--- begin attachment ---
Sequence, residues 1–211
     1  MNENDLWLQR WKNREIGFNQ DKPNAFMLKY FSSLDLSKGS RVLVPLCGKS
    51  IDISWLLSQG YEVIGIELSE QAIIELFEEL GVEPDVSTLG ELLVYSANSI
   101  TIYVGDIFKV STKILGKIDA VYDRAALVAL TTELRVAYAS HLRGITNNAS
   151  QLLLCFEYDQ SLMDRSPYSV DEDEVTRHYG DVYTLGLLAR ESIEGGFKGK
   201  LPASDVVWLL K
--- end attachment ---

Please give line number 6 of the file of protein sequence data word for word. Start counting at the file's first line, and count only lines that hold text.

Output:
   201  LPASDVVWLL K